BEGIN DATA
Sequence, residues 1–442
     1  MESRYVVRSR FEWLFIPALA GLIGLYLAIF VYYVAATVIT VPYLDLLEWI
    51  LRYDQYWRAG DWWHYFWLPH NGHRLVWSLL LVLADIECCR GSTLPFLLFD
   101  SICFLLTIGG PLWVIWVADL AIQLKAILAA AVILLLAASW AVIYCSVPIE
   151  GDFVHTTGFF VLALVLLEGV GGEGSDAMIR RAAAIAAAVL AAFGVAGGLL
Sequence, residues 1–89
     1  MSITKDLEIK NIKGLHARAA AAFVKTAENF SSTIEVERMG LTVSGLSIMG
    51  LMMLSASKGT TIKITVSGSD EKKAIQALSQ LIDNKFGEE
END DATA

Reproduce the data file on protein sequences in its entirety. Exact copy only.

Sequence, residues 1–442
     1  MESRYVVRSR FEWLFIPALA GLIGLYLAIF VYYVAATVIT VPYLDLLEWI
    51  LRYDQYWRAG DWWHYFWLPH NGHRLVWSLL LVLADIECCR GSTLPFLLFD
   101  SICFLLTIGG PLWVIWVADL AIQLKAILAA AVILLLAASW AVIYCSVPIE
   151  GDFVHTTGFF VLALVLLEGV GGEGSDAMIR RAAAIAAAVL AAFGVAGGLL
Sequence, residues 1–89
     1  MSITKDLEIK NIKGLHARAA AAFVKTAENF SSTIEVERMG LTVSGLSIMG
    51  LMMLSASKGT TIKITVSGSD EKKAIQALSQ LIDNKFGEE